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image|Michael Baldwin. Micromedia Planning vital for ethical bush tucker

Planning vital for ethical bush tucker

Lemon myrtle, bush tomatoes, sandalwood and wattleseed. These are all native Australian plants, but have you used them in your cooking?

Planning vital for ethical bush tucker

These examples of ‘bush tucker’ have traditionally been used by Indigenous Australians for over 60,000 years.

They’ve also seen a recent rise in popularity in cooking and modern cuisine.

Supply can’t always match demand

Famous Danish chef René Redzepi opened a temporary restaurant in Sydney incorporating bush foods into the cuisine, which sold out every day in six months of operation.

Noongar Elder Dale Tilbrook says the chef used everything under the bush tucker umbrella including fish and shellfish, with a main focus on those locally available.

Image|Lyall Tilbrook
Dale Tilbrook with bush tucker

“Although this raised the profile of bush foods dramatically, it also led to some shortages in their supply.”

She says it’s important to consider the implications for sustainability, fauna interactions and ecosystem balance.

“Just because the city folks find out and want it, doesn’t mean they can have it.”

“The wild harvest belongs to Aboriginal people and the animals,” Dale says.

She says traditionally, the Aboriginal people only took what they could eat that day.

And the native animals had special interactions with the native plants.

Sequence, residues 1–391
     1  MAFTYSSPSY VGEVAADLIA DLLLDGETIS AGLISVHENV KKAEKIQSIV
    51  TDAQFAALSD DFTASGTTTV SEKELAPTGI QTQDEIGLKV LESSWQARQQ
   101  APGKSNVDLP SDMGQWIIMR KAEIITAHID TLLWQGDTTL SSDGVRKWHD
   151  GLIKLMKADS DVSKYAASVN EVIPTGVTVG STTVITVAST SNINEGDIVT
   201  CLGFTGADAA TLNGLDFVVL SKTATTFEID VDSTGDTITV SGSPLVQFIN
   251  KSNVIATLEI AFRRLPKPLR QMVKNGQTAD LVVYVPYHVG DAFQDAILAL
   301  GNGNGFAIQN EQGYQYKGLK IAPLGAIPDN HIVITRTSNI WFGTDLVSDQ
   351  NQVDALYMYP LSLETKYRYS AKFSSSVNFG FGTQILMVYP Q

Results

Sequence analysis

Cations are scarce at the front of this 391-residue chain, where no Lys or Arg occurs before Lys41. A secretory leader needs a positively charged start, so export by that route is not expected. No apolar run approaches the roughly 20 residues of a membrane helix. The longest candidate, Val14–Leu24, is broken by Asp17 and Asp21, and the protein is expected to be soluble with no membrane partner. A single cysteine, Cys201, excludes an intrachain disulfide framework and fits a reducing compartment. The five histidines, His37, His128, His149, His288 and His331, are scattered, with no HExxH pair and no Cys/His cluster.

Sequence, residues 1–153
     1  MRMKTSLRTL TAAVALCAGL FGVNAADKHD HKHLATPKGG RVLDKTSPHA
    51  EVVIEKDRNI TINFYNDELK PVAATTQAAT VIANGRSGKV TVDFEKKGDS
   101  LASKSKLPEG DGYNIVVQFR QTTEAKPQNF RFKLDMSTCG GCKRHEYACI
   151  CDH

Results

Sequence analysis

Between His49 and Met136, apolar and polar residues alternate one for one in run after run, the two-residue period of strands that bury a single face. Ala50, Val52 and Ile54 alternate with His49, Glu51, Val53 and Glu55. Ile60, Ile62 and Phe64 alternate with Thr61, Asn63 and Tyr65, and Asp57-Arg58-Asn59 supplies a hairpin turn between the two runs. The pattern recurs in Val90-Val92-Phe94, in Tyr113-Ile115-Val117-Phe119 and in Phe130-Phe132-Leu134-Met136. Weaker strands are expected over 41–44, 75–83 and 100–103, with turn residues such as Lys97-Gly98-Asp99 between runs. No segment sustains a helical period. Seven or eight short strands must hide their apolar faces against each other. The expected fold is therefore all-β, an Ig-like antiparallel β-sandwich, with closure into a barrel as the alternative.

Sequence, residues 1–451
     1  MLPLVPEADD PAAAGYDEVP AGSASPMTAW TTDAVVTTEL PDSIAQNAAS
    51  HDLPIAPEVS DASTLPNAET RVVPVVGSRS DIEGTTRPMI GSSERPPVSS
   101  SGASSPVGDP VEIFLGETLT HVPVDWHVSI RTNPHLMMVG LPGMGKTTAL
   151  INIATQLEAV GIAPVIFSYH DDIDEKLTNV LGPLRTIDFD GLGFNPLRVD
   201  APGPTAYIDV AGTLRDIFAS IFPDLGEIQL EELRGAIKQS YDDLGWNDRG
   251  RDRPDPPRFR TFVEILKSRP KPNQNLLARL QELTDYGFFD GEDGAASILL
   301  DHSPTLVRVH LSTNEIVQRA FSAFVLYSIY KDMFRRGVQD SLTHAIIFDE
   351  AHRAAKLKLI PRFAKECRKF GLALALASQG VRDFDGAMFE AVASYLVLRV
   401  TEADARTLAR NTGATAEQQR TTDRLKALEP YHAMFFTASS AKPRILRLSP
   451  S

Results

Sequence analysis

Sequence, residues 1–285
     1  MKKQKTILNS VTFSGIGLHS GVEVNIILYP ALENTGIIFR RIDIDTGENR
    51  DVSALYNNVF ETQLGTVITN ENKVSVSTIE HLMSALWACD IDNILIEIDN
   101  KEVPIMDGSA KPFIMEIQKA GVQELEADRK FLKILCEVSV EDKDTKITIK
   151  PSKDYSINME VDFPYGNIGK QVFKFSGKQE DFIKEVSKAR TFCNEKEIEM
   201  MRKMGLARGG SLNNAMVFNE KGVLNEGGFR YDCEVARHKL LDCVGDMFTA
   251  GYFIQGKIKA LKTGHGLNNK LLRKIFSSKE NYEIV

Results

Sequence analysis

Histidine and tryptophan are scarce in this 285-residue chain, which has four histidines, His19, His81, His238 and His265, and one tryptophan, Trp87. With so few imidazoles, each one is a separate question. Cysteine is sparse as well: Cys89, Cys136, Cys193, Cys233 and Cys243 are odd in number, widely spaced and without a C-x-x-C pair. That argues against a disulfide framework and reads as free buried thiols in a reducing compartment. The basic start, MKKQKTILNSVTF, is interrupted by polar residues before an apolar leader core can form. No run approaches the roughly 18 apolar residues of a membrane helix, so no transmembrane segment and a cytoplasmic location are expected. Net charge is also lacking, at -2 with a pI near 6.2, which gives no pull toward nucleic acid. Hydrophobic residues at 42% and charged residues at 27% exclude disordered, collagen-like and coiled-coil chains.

“Emus eat quandongs and spread seed across the land.”

“And woylies collected and ate sandalwood kernels and seeds, leaving them all over the territory, so we got new sandalwood stands.”

Woylies once covered two-thirds of the country but are now only found in two locations in southwest WA.

Red centre lime is a native Australian lime. Credit: Dale Tilbrook
Image|Dale Tilbrook
Red centre lime is a native Australian lime
Warrigal greens are a native Australian vegetable. Credit: Dale Tilbrook
Image|Dale Tilbrook
Warrigal greens are a native Australian vegetable

And so a new industry is born

Dale says it is vital to manage the wild harvest but also encourage cultivation of the food to make this a sustainable industry.

Underpinning this is ethical engagement with Aboriginal people so they are involved in the supply chain.

“We have the knowledge and over 60,000 years looking after Country,” Dale says.

“Our stories contain information about the plants. We know which plants are good to eat and which have pharmaceutical benefits.”

Lemon myrtle, bush tomatoes, sandalwood and wattleseed. These are all native Australian plants, but have you used them in your cooking?
Image|Dale Tilbrook
Certain wattleseeds in flower are edible in the southwest of WA
“Although this raised the profile of bush foods dramatically, it also led to some shortages in their supply.”

Dale herself became interested in bush tucker when she first opened Maalinup Gallery in the Swan Valley 17 years ago, which she still co-owns and manages with her brother Lyall.

“I put some jars of local wild harvest quandong jam on shelf—it looked a bit lonesome, so I thought, what else can I find?”

The gallery now sells the most comprehensive range of bush tucker herbs and spices in Perth.

There are organisations assisting Aboriginal communities to be involved in cultivating bush food such as Outback Pride in South Australia.

Much bush tucker is available online and sometimes in gourmet shops or even the local supermarket.

Native food plants, suited to local conditions, are also available in plant nurseries.

“I’d like to see in future some way of labelling bushfood—whether it is from wild harvest or cultivated, and whether the company is Indigenous owned or if there is engagement with Aboriginal people.”

“We want people to make informed choices and know that what they buy is an ethical product.”

More information about bush food can be found from the Bushfood Association of Western Australia Facebook page or Australian Native Food and Botanicals website.

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